Moses Malone is a man. To many in basketball, he has seemed the eternal prodigy, the only player perhaps destined to dribble directly from high school to the pros, the only prospect gifted enough to force the colleges to bring a touch of sanity to the often farcical business of recruiting without playing an instant for a college.

As a seven-year pro at age 27, he still had not totally overcome the image of an eager kid battling older and wiser toughs. Until about a week ago. Until he offered as fine a demonstration of big-man dominance as anyone could imagine, until he demanded triple-teaming from the defending NBA champion Lakers at times -- and still forced their elimination from the playoffs.

The Malone on display during these playoffs has a mature game and a body to match, a jump shot and at least 30 more pounds than when he kept Lefty Driesell from becoming a genius by deciding to bypass Maryland after enduring the last bizarre recruiting spasm in his sport. Yet that child-like enthusiasm almost every instant of every game has carried over to manhood. To fully appreciate the man who is arguably the most valuable player in the NBA, we must examine his basketball roots.

"One of those eerie moments," Dave Pritchett said of his first experience with Malone. There was no more intent recruiter in basketball than Pritchett at Maryland, no one who had traveled so many miles to see so many overrated hotshots and no one more excited to -- at last -- stumble upon a genuine gem.

"I can remember the game," said Pritchett, "but I can't remember the other team scoring a point. It was on an outdoor court, this awesome 6-10 eraser against a bunch of 5-10s, Moses going 94 feet to reject shots and then sticking it in at the other end.

"You must understand that just about every kid you see at that level is 40 percent overrated -- Phil Ford, John Lucas, Tom McMillen. You go see 50 kids who aren't as good as everybody says they are, and then there's one kid, like Moses, who is.

"And it wasn't like he was just standing under the basket waiting for everybody. He'd move out, 15 feet or so, and when somebody would drive from the strong side, he'd move over and swipe the shot away. I'd never seen such intensity.

"I went back to the office and quietly shut the door. Recruiting is sort of like having an affair; you don't want some things to leave the room. And I told coach: 'There's a God in heaven and he's been great to us. One hour and 15 minutes down the road (in Petersburg, Va.) is the greatest player I've seen in 12 years.'"

After his junior year in high school, Malone attended a summer camp operated by Howie Landa and Dave Bing, then one of the high-magnitude stars of the NBA. Somehow, Bing and Malone got paired in a one-on-one half-court game to 20 points; the matchup seemed ludicrous.

Bing was coming off a season in which he averaged 22.4 points for the Pistons and played in the NBA All-Star Game. Two summers later, he still would be regarded as a savior-like acquisition by the Bullets. So at not very far on the downside of his rich career, Bing was going to show the young highrise some realities of basketball.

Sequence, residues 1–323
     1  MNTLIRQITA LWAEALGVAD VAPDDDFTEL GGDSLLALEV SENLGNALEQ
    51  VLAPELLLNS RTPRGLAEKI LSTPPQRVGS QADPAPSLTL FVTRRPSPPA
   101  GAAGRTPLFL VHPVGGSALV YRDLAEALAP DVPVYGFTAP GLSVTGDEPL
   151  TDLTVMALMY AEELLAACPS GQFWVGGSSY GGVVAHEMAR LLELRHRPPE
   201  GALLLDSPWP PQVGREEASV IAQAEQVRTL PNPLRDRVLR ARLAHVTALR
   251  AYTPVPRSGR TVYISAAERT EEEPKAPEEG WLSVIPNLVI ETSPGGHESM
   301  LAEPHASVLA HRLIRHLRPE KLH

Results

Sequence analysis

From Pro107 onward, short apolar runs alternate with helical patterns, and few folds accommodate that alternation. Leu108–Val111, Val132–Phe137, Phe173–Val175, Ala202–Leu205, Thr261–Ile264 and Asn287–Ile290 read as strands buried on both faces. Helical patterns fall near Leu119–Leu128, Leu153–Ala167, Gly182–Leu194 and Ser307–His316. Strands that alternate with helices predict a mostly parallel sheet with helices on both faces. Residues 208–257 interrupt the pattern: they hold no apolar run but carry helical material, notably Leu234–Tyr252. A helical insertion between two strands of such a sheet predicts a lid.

Moses won.

There was another game. Bing's pride had been pricked. Malone was not in awe, as he sould have been in such a presence, and it took most of the pro tricks Bing could muster to win that second game, by a point over a youngster going into his senior year in high school.

"He was as intense during a two-on-two game outdoors as he is in the NBA now," Pritchett said. "You wonder how guys in small towns get that way. You can understand it in a big-city kid, like Steve Sheppard, because your team either wins those playground games or you don't play for hours.

"But Moses had to practically beg kids to play with him."

Anybody who can force the Lakers, with as much talent as any team in the NBA, to drastically alter their style has become a force. Malone was second among NBA scorers and first in rebounding but could not carry Houston to a .500 record during the regular season.

In a short series, one wonderful giant playing exceptionally can fuel marginally built Rockets past the strongest barriers. And the Lakers also are unusually versatile, capable of being large or quick -- or both -- depending on whether Magic Johnson plays forward or guard.

Imagine a team with two of the best half-dozen players in the NBA having three defeners assigned to keep one rebounder from doing what he does better than anyone in the game. Almost alone, Malone stopped the Lakers from running and cost them at least $3 million in potential playoff revenue.

In the seventh game tonight in San Antonio, he has a chance to haul Houston into the Western Conference finals.

Malone helps bring several immediate issues into clearer focus. We look at him and understand why Georgians will try every Olympian con to keep Herschel Walker from running to the Canadian Football League. We cannot fathom how the NFL and the colleges have managed to coexist in such cozy fashion for so long, why a Tony Dorsett, Earl Campbell or Walker has not dashed into court for the right to become a Saint or a Redskin before his class graduates.

We can speculate about how Driesell would be seen if there had been a hands-off-for-years conspiracy between the colleges and the NBA. The only unknown is not whether, with Malone for four years, Maryland would have won an NCAA title, but how many.

"From two to four," Pritchett insists. "With Brad Davis, Mo Howard and John Lucas, Moses would have made our break the best in national basketball." Without Moses, Maryland made it to the Midwest Region final, losing to a Louisville team that was a free throw away from beating UCLA and in the NCAA title game.

Pritchett is familiar with the latest wonderchild, Pat Ewing, and admits he is special, but adds: "There's only been two Moses: one in the Bible and the other in the NBA."